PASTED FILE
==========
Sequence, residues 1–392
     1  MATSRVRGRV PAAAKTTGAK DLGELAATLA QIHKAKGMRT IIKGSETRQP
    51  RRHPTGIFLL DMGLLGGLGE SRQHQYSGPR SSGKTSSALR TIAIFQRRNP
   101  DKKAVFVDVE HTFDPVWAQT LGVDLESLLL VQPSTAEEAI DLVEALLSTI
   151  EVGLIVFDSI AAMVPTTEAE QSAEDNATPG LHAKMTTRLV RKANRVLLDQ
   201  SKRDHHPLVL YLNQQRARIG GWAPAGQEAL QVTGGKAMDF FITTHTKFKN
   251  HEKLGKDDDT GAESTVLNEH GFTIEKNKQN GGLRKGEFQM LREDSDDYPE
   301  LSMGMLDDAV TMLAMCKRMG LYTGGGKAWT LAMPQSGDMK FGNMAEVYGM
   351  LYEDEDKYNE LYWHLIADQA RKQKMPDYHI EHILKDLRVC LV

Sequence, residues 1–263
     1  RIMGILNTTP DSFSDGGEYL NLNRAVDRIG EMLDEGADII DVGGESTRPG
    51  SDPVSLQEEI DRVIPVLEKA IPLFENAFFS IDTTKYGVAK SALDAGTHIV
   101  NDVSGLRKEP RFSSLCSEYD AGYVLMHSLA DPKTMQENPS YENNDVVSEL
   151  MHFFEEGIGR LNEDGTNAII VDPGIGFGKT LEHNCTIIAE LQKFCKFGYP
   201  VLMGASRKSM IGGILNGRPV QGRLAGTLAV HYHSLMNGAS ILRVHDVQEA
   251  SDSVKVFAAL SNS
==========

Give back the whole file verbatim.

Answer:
Sequence, residues 1–392
     1  MATSRVRGRV PAAAKTTGAK DLGELAATLA QIHKAKGMRT IIKGSETRQP
    51  RRHPTGIFLL DMGLLGGLGE SRQHQYSGPR SSGKTSSALR TIAIFQRRNP
   101  DKKAVFVDVE HTFDPVWAQT LGVDLESLLL VQPSTAEEAI DLVEALLSTI
   151  EVGLIVFDSI AAMVPTTEAE QSAEDNATPG LHAKMTTRLV RKANRVLLDQ
   201  SKRDHHPLVL YLNQQRARIG GWAPAGQEAL QVTGGKAMDF FITTHTKFKN
   251  HEKLGKDDDT GAESTVLNEH GFTIEKNKQN GGLRKGEFQM LREDSDDYPE
   301  LSMGMLDDAV TMLAMCKRMG LYTGGGKAWT LAMPQSGDMK FGNMAEVYGM
   351  LYEDEDKYNE LYWHLIADQA RKQKMPDYHI EHILKDLRVC LV

Sequence, residues 1–263
     1  RIMGILNTTP DSFSDGGEYL NLNRAVDRIG EMLDEGADII DVGGESTRPG
    51  SDPVSLQEEI DRVIPVLEKA IPLFENAFFS IDTTKYGVAK SALDAGTHIV
   101  NDVSGLRKEP RFSSLCSEYD AGYVLMHSLA DPKTMQENPS YENNDVVSEL
   151  MHFFEEGIGR LNEDGTNAII VDPGIGFGKT LEHNCTIIAE LQKFCKFGYP
   201  VLMGASRKSM IGGILNGRPV QGRLAGTLAV HYHSLMNGAS ILRVHDVQEA
   251  SDSVKVFAAL SNS